Keith, when you say you get 48 digital channels, I'm pretty sure you're counting subchannels, like 3.2, 10.2 etc. So I think you're getting 18 or 19 separate stations, probably all marked LOS (line-of-sight) in the report. This makes perfect sense with that antenna installed in an attic. If you want to know whether a better antenna could improve your lineup, study up on the stations below those you receive in the Fool Report. Look at the stations at 344° (almost straight north by compass) down through all the yellow (NM = 15.4). Wikipedia is a good resource for that. If there's anything you just gotta have, then a better antenna might be a smart investment. Offhand, it doesn't look like there's much interesting below the green.
Possible reasons for three identical antennas in the attic:
- A previous owner sold those antennas.
- Previous owner had them hooked up to three separate receivers. (A perfectly reasonable solution, if there's enough room.)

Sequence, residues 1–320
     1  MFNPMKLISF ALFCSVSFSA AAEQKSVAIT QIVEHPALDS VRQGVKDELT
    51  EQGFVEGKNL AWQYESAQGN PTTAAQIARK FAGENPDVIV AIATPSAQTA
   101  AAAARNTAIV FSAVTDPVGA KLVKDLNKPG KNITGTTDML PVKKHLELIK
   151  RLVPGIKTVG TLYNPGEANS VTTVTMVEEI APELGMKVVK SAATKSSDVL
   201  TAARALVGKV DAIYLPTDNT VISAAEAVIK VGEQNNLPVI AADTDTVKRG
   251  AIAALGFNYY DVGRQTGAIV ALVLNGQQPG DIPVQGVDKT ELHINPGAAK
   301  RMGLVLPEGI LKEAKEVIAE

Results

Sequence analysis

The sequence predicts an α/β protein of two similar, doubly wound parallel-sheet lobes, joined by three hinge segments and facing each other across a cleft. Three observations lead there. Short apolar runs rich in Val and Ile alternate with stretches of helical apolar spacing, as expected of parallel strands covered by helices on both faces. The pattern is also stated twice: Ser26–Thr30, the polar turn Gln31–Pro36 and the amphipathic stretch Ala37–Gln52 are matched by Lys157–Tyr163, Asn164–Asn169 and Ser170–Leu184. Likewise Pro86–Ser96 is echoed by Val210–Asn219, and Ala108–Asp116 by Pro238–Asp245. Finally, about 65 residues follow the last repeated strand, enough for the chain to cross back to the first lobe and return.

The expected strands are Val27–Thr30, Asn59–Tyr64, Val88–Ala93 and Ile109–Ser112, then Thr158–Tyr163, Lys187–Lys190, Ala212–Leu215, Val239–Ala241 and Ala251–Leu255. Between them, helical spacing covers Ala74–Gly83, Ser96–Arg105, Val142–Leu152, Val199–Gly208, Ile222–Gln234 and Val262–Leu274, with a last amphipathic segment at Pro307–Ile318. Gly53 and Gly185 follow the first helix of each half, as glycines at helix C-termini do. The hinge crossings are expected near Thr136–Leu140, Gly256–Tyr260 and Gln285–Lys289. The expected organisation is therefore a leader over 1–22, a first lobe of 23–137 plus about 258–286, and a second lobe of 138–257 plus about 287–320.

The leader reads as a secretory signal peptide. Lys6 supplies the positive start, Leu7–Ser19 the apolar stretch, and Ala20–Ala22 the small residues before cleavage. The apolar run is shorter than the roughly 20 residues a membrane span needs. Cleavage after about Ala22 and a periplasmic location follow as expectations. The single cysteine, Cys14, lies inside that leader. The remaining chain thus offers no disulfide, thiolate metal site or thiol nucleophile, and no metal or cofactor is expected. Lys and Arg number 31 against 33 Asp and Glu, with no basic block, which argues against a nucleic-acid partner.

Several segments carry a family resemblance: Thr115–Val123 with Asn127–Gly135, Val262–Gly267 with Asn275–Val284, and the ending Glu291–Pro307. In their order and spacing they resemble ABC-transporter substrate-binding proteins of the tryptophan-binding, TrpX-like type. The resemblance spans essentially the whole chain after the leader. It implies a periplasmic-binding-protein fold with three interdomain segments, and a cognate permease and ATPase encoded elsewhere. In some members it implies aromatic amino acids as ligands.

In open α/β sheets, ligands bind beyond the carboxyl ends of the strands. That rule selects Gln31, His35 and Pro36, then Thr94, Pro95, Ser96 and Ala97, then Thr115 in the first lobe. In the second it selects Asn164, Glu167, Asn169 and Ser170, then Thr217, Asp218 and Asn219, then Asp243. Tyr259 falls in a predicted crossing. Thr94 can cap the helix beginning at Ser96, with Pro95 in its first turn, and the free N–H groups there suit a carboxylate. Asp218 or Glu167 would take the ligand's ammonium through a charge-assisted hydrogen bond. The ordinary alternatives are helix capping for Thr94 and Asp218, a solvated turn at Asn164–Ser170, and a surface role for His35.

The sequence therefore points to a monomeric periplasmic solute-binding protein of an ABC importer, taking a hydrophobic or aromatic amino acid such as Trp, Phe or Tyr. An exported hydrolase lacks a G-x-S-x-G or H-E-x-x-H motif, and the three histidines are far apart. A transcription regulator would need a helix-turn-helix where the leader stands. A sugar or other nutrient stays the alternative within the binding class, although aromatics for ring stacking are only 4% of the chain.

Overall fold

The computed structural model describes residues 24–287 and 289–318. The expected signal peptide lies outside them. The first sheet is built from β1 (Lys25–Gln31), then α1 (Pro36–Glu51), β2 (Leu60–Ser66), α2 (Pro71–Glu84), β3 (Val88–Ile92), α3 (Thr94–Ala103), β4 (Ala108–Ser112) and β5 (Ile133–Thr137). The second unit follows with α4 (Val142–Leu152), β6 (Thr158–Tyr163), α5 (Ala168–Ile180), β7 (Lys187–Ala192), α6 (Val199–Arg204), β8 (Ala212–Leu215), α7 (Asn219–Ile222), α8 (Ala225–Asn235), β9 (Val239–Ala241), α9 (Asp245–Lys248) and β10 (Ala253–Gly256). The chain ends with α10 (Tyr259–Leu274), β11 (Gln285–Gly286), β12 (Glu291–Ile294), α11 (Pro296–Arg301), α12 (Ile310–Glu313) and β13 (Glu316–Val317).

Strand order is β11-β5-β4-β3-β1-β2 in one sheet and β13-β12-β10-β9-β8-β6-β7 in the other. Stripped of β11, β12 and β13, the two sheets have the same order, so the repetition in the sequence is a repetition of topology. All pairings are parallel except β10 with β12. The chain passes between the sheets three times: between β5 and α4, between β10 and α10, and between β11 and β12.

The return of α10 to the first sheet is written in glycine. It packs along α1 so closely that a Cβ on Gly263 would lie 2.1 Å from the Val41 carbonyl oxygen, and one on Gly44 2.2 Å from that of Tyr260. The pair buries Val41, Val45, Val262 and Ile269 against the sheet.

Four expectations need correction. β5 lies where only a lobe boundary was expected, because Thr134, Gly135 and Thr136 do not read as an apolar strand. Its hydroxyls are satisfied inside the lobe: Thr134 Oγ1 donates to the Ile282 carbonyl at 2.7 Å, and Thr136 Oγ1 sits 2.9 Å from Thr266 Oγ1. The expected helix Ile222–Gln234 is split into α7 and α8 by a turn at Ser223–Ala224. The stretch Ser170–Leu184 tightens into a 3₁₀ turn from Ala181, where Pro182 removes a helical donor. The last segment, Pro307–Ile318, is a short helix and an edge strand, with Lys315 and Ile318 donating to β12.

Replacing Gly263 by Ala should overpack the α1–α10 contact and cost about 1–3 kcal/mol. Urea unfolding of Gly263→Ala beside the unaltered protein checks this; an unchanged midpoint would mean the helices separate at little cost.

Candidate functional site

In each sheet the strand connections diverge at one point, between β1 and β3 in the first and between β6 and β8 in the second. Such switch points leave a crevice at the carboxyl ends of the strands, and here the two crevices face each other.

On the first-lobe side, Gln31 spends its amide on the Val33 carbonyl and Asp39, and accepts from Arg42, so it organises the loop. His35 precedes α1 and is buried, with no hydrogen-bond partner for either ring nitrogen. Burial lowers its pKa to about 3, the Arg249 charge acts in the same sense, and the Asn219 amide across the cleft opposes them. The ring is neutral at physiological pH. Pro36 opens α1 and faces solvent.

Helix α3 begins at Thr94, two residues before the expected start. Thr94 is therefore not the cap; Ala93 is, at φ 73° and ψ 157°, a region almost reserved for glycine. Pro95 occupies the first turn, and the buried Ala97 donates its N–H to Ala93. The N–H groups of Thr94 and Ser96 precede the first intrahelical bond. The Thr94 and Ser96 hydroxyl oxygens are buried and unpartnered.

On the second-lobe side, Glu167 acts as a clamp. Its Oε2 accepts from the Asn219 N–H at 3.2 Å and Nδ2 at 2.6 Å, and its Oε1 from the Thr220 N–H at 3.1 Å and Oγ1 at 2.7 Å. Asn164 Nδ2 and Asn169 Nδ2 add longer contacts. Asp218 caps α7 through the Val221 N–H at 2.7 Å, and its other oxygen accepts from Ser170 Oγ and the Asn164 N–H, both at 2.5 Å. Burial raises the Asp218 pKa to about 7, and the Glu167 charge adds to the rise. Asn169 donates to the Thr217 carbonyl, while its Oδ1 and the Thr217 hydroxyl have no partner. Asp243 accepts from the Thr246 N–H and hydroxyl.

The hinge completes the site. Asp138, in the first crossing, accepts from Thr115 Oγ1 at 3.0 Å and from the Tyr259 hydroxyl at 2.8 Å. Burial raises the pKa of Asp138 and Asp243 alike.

- Previous owner thought he could improve reception by ganging them together with a three way reverse splitter.
If you gang carefully, with identical lengths of coax, combining antennas CAN sometimes improve reception. But I think the reason gain is moderate on this antenna is very wide beam width. That means they are going to talk to one another, i.e. multipath. Even if somebody had success combining them 30 years ago, that doesn't mean you'll have much luck now. I don't have any experience with ganging, but theoretically there's so many more stations today, you could get a massive traffic jam up there.
Still, it sounds like you want to do that, and it could be a fun experiment. There are probably people here with real world experience on that kind of thing, and it wouldn't cost much. Or you could get a more directional antenna with higher gain for less than $65, and sell the antiques on Craig's list or eBay.
Grounding to the outlet should be OK, as long as you're sure it's really ground you're connecting to. Technically, I don't think grounding is required for an attic antenna, but it's always a good idea.
Combining the two wires to the one coax with a converter is the way to go. Your converter must have a working transformer (balun) or you wouldn't get so many channels.